Chaucer wrote The Book of the Duchess in 1369. The poem was, on one level, an attempt to ingratiate himself with the widowed duke, John of Gaunt, by consoling him in his grief. On a deeper level, however, it also presents all of Chaucer’s readers with a means of processing tragedy, trauma, and despair—through the power of poetry.
Death of Blanche, Wife of John of Gaunt
In 1368, Blanche, the young wife of John of Gaunt, suddenly passed away. John of Gaunt, duke of Lancaster, was one of the most powerful landowners in the kingdom; he was the third of Edward III’s sons, and younger brother of the Black Prince and Lionel of Antwerp, who had been Geoffrey Chaucer’s lord.
At this juncture, Geoffrey Chaucer’s ambitious new sister-in-law, Katherine, moved in as the governess for the children that Blanche had left. It was not long before John of Gaunt, duke of Lancaster, turned his eyes to the pretty governess. Within a few years, and probably sooner, he and Katherine had become lovers—despite the somewhat inconvenient fact that she was married.
All of this was good news for young Geoffrey Chaucer, opening up the prospect of dizzying new connections to the House of Lancaster. And it was in this context that Chaucer wrote the earliest of his major poems, which was entitled The Book of the Duchess. He wrote this compelling work in 1369, about one year after Blanche’s death.
This is a transcript from the video series After the Plague. Watch it now, on Wondrium.
Healing through Reading
In The Book of the Duchess, the narrator himself begins in a state of insomnia and depression: one hint that the poem is not just about the grief of the Duke of Lancaster. He is exhausted, he says, in a daze. He does not know why, although he has suffered for eight years, and he despairs of ever finding a cure.
For of physicians there is but one
Who can heal me, yet that’s all done.
The identity of this person—the only one that can cure him—is left unstated: a lost love, perhaps, although the language of the poem also has resonances of the healing presence of Christ, the ultimate physician.
But the narrator of the poem finds a cure for his insomnia—and some solution for his troubles—in reading tales of long ago. Reading has begun taking him beyond his own worries, and his own anxieties, towards some form of healing.
The Forest Scene
In his dream, the narrator is awakened by a chorus of birds. In the room where he lies, he is surrounded by stained glass panels depicting the story of Troy, and the medieval chivalric legend of the Roman de la Rose. The sun shines in through the windows; the day is blue, crisp, and clear. He hears voices, summoning everyone for the hunt—so he leaps from his bed to join them. The dream-hunt is led by the emperor Augustus. A small dog then approaches the narrator and leads him into a beautiful green forest. The path that they follow, we hear, is radiant and ablaze with flowers.
The forest is pulsating with life: with countless deer, squirrels, and other creatures. It’s a vision of beauty that surely represents the possibility of hope in our lives. Yet there sits a sad young man, about twenty-four years old (we’re told), sitting disconsolately by an old oak tree, his head hanging down.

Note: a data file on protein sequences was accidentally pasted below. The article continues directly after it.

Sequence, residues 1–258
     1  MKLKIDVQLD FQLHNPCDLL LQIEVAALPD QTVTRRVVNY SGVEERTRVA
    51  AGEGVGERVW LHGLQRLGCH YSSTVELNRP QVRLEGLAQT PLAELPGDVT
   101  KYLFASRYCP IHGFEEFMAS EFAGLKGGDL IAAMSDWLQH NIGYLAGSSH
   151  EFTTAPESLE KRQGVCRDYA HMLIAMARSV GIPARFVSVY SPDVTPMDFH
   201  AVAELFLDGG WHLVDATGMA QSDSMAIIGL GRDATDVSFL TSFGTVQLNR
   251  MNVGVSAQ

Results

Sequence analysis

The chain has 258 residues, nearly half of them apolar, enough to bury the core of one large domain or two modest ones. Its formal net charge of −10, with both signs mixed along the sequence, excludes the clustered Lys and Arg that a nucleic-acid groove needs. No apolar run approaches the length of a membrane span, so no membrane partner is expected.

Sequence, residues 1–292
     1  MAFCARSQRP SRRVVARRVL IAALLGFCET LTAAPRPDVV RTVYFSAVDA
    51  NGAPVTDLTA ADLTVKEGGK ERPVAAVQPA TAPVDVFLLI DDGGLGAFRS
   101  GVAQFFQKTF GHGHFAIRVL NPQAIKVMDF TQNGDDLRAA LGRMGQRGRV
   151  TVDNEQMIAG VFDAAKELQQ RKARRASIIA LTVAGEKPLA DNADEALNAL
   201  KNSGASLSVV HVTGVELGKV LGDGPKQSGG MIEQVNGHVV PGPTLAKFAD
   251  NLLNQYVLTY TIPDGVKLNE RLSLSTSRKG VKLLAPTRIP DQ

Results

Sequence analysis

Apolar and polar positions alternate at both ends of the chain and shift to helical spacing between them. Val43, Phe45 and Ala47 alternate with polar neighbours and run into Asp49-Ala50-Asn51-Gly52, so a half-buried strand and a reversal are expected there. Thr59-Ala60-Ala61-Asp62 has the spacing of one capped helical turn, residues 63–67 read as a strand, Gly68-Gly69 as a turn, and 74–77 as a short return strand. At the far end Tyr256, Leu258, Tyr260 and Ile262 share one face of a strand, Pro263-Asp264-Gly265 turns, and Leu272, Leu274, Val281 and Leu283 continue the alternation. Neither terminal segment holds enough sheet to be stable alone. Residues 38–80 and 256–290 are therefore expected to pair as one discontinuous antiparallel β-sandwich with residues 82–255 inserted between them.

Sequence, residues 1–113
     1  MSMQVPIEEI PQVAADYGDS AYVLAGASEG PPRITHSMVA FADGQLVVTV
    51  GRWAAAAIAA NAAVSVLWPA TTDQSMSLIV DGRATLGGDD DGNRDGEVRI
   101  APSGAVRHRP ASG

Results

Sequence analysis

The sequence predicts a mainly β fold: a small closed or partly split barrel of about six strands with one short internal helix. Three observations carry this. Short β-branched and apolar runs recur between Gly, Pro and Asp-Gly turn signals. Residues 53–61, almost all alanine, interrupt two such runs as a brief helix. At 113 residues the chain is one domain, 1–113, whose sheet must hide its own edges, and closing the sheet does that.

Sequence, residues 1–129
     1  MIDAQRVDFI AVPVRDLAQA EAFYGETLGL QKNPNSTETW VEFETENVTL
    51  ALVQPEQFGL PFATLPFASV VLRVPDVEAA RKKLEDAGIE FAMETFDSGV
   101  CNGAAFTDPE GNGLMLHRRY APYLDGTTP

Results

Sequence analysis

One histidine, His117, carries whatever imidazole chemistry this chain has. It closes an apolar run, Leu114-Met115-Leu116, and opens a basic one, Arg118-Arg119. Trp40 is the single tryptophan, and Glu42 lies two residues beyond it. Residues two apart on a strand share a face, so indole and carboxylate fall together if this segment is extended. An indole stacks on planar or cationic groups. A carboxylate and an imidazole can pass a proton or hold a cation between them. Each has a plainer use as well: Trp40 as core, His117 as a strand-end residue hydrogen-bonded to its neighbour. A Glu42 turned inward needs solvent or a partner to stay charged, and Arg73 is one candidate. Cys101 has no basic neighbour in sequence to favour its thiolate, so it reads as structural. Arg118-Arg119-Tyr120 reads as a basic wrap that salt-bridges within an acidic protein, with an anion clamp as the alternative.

The Knight in Black
It’s worth noting that both Geoffrey and John of Gaunt themselves were both in their mid-twenties—the personal resonances seem clear. The young man is dressed in black, and rapt in his grief. He bewails the cruelty of Death, who has taken his beloved away; the blood has drained from his face. He asks why he is still alive. He is inconsolable, spurning any possibility of finding a cure for his grief.
The Knight in Black describes the loss of his beloved in terms of a game of chess. Fortune, deceitful and false, has tricked him in the game, stealing his queen. She has checkmated him—with a pawn, no less. He describes the lady’s virtues and beauty; she so much loved to live, he says, that dullness itself was afraid of her. Her name was White, he says—almost certainly a play on the name of Blanche—‘white’ in French.
The Knight unburdens himself through language, and confession. The lady had first denied him her love; but a year later, she granted him her ring. They had lived many a year together as a couple; “so well, I cannot tell you how”.
The narrator asks him, “Where is she now?” “She is dead,” the Knight states point-blank. For many critics, this admission—mundane, straightforward—marks the point at which the Knight comes to terms with his trauma.
The Spirit of Resilience
The Book of the Duchess is a work that feels its way tentatively toward healing. There’s a comic element to Chaucer’s caricature of a self-absorbed young man; but this element of humor co-exists with real pain, trauma, and despair.
Chaucer is handling a deadly serious topic with characteristic delicacy. His poem makes subtle allusions to the name of Blanche, “the White Lady”, and to the private agonies of John of Gaunt, duke of Lancaster. But the poem also reflects a more general spirit of resilience, in the face of suffering, and a homage to the power of words as a source of healing. A bell rings twelve, and the dreamer awakes, his book still in his hand.
The Book of the Duchess encapsulates the spirit of the generations after the plague: life-affirming, even in the shadow of Death.
Common Questions about Geoffrey Chaucer’s ‘The Book of the Duchess’
Geoffrey Chaucer wrote The Book of the Duchess in 1369, about one year after the death of Blanche, the young wife of John of Gaunt, the Duke of Lancaster.
In The Book of the Duchess, the narrator finds a cure for his insomnia in reading tales of long ago. Reading takes him beyond his own worries, and his own anxieties, toward some form of healing.
The Book of the Duchess reflects a more general spirit of resilience, in the face of suffering, and a homage to the power of words as a source of healing.